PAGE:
Quinn Norton, a technology writer and lecturer, feels kind of bad because she made a mistake. It began Tuesday morning when Norton, a white woman, happened upon the #BlackGirlsAreMagic hashtag on Twitter and decided to inject her opinion. It did not go well.
It began when seemingly out of the blue, she tweeted: “#BlackGirlsAreMagic & #WhiteGirlsAreMagic can compromise & agree that a woman’s only value is how physically attractive & fuckable she is.” Of course, you can’t tweet that sort of thing and expect to hear nothing in return. Many of the several thousand black women who peruse #BlackGirlsAreMagic tried to help Norton. Some tried to educate her about the history of the hashtag, most objected to her insistence that the hashtag was male gaze fodder, and even more just wanted her to shut up.
A few years ago, a friend I can’t remember posted a tweet I can’t recall, that concluded with the hashtag #BlackGirlsAreMagic. When I traced the origins of the hashtag, it led me to CaShawn Thompson, who had begun selling T-shirts bearing the phrase. She seemed uneasy about the success of the endeavor. This was #BlackGirlsAreMagic in its infancy. Since then it’s grown to be a helpful signpost, a way to find things online that support black women and their achievements — which isn’t always easy.
When you are a woman and when you are black, there are few spaces on the internet that make you feel valued, #BlackGirlsAreMagic is one of them. It’s a hashtag and a celebration, where the Trinidadian pianist, Hazel Scott, is lionized, and Victoria’s Secret model, Maria Borges, is praised. There are posts that commemorate black women in magazines, acrobatic feats, and little black dolls that know how to code. It’s a public brag board that enunciates black women and their achievements, triumphs, and perseverance, and a history lesson that begs you to not forget. There are so many little girls on the hashtag that are cuter than comprehension, and men, too, who just get it.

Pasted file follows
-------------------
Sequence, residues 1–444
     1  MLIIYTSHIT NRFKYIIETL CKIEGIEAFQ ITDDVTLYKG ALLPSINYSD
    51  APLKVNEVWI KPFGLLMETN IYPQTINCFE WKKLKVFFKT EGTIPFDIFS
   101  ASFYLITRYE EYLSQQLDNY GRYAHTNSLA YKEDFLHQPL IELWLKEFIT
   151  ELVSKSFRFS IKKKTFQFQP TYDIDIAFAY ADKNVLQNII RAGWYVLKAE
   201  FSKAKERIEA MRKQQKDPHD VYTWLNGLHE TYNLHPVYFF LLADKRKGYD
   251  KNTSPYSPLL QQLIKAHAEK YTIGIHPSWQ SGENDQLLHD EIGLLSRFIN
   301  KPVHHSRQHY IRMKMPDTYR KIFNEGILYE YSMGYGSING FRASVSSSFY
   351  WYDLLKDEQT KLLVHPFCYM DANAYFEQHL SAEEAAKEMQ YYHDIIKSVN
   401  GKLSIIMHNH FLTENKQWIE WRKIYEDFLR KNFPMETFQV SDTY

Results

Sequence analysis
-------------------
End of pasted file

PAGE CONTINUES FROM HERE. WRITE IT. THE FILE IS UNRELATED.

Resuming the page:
Dispersed among the easily recognizable faces are everyday people who just want to feel good. They post a photo of themselves in various states: wearing thick makeup, fresh-faced, covered in a clingy dress, or hardly anything at all. The hashtag community celebrates these images, too, because #BlackGirlsAreMagic, not a monolith.
Maybe that’s what Quinn Norton stumbled upon when she posted her tweet. Norton went on to defend her words by criticizing the hashtag as a series of achievements sandwiched by, in her words, “BOOBS BOOBS BOOBS.” The crux of her agreement hinged on the opinion that #BlackGirlsAreMagic is too confusing for an audience that isn’t black and is vulnerable to hashtag highjacking by unsavory groups.
Naturally, people were pissed by Norton’s self-imposed insertion into a topic where her thoughts were a matter of irrelevance. Later, she issued mea culpas and hinted at pockets of understanding the greater issue at hand, but ultimately failed to admit a deficient of authority on speaking on the subject at all. In many ways, she tainted a space that for so long served as a haven of positivity. #BlackGirlsAreMagic was, is, and will always be for black women and girls, and it’s not one person’s responsibility to make someone like Norton understand.
It’s not useful to dwell on Norton’s part in the discussion of #BlackGirlsAreMagic because her mark on the hashtag’s history is etched in pencil. But on the point where she bemoaned the use of “fashion shots, sexualizing and boobs,” I hope one day she is savvy enough to grasp that images like those are okay to like, and won’t make anyone less of a feminist in doing so. That for so long, black women and girls were told that they weren’t beautiful, and that praising black beauty within a white world is still very much in its inaugural stage.